Well, that'll learn David Walker not to write smart letters to the newspapers. He dropped a line to the Financial Times in December about banks' boards of directors. The thrust of his argument, as they say in Whitehall, was that boards had failed to constrain the executives and had let assorted Freds and Andys run rings round the risk managers and audit committees. That, he thought, was one of the reasons for the pickle in which we now find ourselves.
But what is the answer, apart from sacking them all and starting again? Walker advanced two ideas: first, introduce a new class of director, halfway between an exec and a non-exec, able to spend enough time with the business to understand it properly; second, allow or require non-execs to take independent advice, especially on risk.
The letter did not provoke much reaction. But it was read, marked and inwardly digested in the Downing Street bunker. So when the bonus issue exploded in February, Walker was the obvious person to carry out a review. It's a tricky assignment. He may regret licking that stamp.
What are the merits of the ideas he suggests? In a sense, there already are two classes of director. The regulators expect more of the chair of the audit committee than they do of the board's rank-and-file. But that expectation relates to a particular defined function. Would it be possible to define the roles of a broader class of semi-execs - AC/DC directors, if you like? It would need to be done carefully to avoid making them vulnerable to shareholder suits. If not, there might not be many volunteers.
The second notion seems to have more legs. At the moment, directors tend to take external advice on remuneration - and then often from the same consultants used by management. The added value is low. By contrast, an independent view of risk and of the control systems (emphatically not carried out by the external auditors) could allow non-execs to challenge management more effectively. Consultants might be able to produce some usable comparative data, which is typically in short supply in the boardroom.
Would that be enough to right the balance and make non-execs more effective? Possibly, but there may be a bigger issue to address. We've seen that banks that over-gear and under-provision can be costly for the taxpayer. Perhaps board members need to have an eye to the public purse as well as to the shareholders.
A few years back, the New York Fed published academic research on governance structures for banks that made the case for a two-tier board model - with a supervisory board on German lines, sitting above the executives, operating under a broader remit to consider stakeholder interests. It would be hard to fit that into the UK legal framework, but the Walker review should allow it to be debated.
No doubt other wheezes will be advanced. Huge losses and less-than-deft handling of public communications by the banks mean that the genie is well and truly out of Pandora's box. Judge Walker can't deliver a not-guilty verdict.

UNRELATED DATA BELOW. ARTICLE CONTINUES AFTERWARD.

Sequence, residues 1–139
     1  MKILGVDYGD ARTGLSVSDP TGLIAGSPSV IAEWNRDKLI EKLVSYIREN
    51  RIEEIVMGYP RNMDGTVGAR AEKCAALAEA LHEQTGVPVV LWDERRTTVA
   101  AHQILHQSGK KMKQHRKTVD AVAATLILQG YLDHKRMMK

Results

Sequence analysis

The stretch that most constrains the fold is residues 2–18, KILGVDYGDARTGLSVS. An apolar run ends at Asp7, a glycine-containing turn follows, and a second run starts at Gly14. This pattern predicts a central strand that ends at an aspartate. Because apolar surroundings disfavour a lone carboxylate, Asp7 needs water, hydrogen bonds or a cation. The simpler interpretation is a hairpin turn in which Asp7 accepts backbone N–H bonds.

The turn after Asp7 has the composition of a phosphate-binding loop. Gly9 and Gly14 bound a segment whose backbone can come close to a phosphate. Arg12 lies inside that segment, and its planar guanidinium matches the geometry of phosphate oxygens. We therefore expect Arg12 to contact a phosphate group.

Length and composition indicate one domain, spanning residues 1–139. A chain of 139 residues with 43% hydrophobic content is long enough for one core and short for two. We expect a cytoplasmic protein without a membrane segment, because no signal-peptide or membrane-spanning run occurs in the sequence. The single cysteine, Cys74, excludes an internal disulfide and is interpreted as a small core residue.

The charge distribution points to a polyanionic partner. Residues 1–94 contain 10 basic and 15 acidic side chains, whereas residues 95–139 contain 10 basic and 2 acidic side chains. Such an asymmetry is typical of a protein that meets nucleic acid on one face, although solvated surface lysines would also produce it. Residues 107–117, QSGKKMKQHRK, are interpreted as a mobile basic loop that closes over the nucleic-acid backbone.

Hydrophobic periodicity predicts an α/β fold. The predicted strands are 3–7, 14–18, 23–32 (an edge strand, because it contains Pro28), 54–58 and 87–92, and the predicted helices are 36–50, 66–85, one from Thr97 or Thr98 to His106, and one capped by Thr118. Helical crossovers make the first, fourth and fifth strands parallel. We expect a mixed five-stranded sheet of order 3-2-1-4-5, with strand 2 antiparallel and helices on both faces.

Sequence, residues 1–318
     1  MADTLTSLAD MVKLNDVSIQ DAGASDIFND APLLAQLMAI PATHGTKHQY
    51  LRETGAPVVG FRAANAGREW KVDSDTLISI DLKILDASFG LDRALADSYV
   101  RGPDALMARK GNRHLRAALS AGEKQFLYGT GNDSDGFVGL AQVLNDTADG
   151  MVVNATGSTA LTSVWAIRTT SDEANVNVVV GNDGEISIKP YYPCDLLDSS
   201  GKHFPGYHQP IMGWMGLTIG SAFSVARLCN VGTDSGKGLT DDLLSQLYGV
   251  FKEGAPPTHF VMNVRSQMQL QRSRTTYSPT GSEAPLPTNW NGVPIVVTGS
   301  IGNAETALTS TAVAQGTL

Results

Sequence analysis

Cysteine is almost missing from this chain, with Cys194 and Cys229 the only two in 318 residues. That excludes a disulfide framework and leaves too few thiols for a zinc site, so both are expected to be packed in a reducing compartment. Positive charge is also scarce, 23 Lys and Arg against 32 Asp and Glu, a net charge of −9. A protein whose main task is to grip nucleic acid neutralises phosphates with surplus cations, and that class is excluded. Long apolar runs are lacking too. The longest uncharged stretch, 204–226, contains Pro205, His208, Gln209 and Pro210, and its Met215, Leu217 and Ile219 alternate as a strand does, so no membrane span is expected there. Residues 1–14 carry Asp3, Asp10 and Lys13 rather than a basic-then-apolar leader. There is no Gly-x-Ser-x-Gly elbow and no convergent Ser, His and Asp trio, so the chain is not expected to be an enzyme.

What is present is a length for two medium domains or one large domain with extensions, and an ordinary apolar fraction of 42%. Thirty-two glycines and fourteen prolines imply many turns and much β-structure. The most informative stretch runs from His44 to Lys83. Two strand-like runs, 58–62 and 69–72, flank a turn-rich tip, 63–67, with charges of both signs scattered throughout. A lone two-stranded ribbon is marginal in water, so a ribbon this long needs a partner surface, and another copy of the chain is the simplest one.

Meanwhile, the real economy looks as fragile as the England batting line-up. I went to visit the RE in Birmingham - or at least to talk to those who bank, advise, audit and receive it.
Curiously, the Brummies were not as gloomy as the panjandra who assembled in Davos - even though they had as much reason to be. Of course, the regional speech inflexion makes them sound depressed even when they've just won the lottery. But I spotted - if not a Vadera green shoot - at least a belief that on the other side of the slough of despond there'll be a sunlit upland to explore.
In the rarefied air of the Alps, no such sentiment could be heard. Far from performing the usual 'problem shared, problem solved' trick, this year's World Economic Forum pushed the confidence index down further. The unwritten rule in sessions I attended seemed to be that every speaker had to be more pessimistic than the one before: 'Orders 50% down? Is that all?... Luxury.'
Unfortunately, few German autopart manufacturers have seen Monty Python's Yorkshire- men sketch, so my attempts to cheer them up with the occasional cry of 'you were lucky' fell flat. There must be a German joke, but it wasn't on offer in Davos.
There were quite a lot of Germans in Davos, and a large British team captained by Brown, G and York, Duke of. But in the absence of the US administration, the Russians and Chinese ruled the roost.
Premier Wen Jiabao was direct but subtle. And his security presence was understated. There must have been a few Red Guards on the lookout for a Cambridge shoe, but they weren't obvious. Putin also spoke well, but was surrounded by a phalanx of steroid-enhanced shotputters. I was flattered to be thought significant enough to be brushed aside as I walked past the tsar.
Big, bad Russians throwing their weight around made me feel young again. I was 38 when the Wall came down. It seemed like a good age then, and increasingly does now. There were wicked communists in Moscow, and capitalism was delivering rising living standards for all. Now that the second part of the equation looks a touch shaky, it is reassuring to find the Russians reverting to type. That's probably not the way they see it in the Ukraine, however.
Howard Davies is the director of the London School of Economics.